The Polarity Paradox

Over the last year, my team has been engaged in some pretty deep and intensive leadership training.  Our latest was Polarity Management.

Polarity Management was developed by Barry Johnson in 1975 as an alternative to traditional problem solving approaches.  In essence (and as Bert Parlee explains) ….

“The Polarity Management model and set of principles are a user-friendly way to deal with all polarities in life. Polarities are ongoing, chronic issues that are unavoidable and unsolvable.

Attempting to address them with traditional problem solving skills only makes things worse. There is significant competitive advantage for those leaders, teams, or organizations that can distinguish between a problem to solve and a polarity to manage and are effective with both“.

In our western education system, we are taught and very skilled at yes or no, either/or problem solving. The issue is that not all problems are solvable, some just need to be managed with grace, care and dexterity.  The example that they give is breathing.  Breathing is not a binary operation.  You don’t just breath in.  You don’t just breath out. You need to maintain a balance of both or its literally life or death.

As I’ve been processing through this training, I’m realizing…All the really big, most important and most impactful problems we have, in the world, are polarity issues.  But, we treat them like puzzles we can solve or fights we can win and then move on.  Not so.  In fact, the more I think about this, the more I realize that these polarities are all around me, every day and in every situation. No wonder everyone is so frustrated right now (myself included!). And our current way of trying to solve them (argue, fight, blame) is NOT working. I believe they need to be addressed with love, compassion, grace and peace.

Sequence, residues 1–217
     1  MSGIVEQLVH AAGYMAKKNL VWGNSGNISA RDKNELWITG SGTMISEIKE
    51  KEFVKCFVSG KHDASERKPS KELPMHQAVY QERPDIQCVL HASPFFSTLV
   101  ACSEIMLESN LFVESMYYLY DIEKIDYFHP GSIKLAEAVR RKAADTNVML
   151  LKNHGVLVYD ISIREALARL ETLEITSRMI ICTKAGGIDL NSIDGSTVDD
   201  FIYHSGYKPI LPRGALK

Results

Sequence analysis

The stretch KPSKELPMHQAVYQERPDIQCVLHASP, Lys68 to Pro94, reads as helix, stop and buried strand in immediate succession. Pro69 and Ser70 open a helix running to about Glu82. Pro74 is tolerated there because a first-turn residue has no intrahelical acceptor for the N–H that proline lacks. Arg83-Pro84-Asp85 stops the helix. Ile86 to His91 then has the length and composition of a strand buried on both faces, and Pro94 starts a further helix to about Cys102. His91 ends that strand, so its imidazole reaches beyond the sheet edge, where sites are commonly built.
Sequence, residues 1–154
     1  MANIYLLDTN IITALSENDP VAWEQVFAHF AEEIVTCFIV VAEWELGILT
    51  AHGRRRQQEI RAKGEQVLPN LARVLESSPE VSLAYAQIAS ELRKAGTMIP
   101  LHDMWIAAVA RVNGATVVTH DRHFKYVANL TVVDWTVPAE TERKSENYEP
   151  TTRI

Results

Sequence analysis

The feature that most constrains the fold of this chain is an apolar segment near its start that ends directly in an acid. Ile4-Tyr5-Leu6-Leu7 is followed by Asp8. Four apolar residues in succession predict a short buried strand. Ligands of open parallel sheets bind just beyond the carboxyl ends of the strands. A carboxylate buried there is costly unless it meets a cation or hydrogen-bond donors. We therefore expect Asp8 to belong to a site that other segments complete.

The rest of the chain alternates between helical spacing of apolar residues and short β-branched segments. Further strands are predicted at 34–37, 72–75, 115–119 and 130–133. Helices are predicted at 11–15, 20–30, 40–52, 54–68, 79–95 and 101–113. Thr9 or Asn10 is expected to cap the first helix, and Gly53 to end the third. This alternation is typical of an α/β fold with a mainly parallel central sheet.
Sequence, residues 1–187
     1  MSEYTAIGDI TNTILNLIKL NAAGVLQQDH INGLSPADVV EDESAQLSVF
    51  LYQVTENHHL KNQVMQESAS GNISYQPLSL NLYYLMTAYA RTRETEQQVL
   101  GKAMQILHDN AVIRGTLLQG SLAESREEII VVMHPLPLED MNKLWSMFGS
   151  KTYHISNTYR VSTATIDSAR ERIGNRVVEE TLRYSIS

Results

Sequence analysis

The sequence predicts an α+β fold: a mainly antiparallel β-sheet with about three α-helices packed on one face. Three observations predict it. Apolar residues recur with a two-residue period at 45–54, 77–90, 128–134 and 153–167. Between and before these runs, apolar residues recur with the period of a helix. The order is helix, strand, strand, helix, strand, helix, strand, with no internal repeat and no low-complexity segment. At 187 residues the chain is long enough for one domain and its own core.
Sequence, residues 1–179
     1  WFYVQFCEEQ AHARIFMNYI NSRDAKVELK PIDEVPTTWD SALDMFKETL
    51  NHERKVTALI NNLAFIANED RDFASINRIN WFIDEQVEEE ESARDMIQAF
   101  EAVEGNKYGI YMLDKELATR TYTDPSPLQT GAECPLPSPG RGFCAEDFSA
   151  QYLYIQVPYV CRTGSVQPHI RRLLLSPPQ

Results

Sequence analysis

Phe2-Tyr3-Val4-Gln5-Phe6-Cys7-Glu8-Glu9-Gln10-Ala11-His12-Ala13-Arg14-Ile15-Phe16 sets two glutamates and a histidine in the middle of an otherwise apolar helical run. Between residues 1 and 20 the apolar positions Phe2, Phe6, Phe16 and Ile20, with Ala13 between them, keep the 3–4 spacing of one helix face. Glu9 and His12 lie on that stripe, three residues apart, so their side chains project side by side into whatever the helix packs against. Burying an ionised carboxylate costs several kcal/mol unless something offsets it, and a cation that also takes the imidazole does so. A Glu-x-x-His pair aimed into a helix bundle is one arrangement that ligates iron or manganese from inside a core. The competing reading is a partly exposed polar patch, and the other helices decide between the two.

Some examples from my own life….

Parenting – the ultimate polarity. What works for one kid, doesn’t work for the next. (at least not in my house). Kay is a great example. She is independent, hates to be told what to do and very self sufficient. However, she’s 15 years old and her frontal lobe has not developed fully and her rational, problem solving skills are weak.  As a parent I see it as my job to help her be a good adult; learning social norms, setting high exceptions for herself and others, knowing her values and living them. As a 15 year old girl, she sees her job as making friends, having fun, doing what she likes and figuring out where her boundaries are.  Not a good combination and not one that I can solve.  I have tried natural consequences, repercussions, setting rules, star charts, free range parenting … you name it. Anything and everything I think might help “solve” this dynamic and help her get motivated to learn responsibility and a bit of adulting before she’s out on her own. She sees this as nagging, Tiger Mom, helicopter parenting, irritating and overall completely ineffective. We are at a stalemate.  Its not my way or her way. Its not either ‘be a kid’ or ‘be an adult’.  I need to figure out to let her enjoy being a kid, discover who she is AND know that there are basic expectations to being a functioning adult all while being told I’m “annoying” and that she “doesn’t care”. (I saw an Instagram post recently that said – Be kind to everyone, you never know if they are parenting a teenager.  So true, I almost cried).  I am trying to do this with love and compassion. Remembering what its like to be her age, showing her affection the way she wants to receive it (not how I want to give it) and a steady mantra of “this too shall pass”.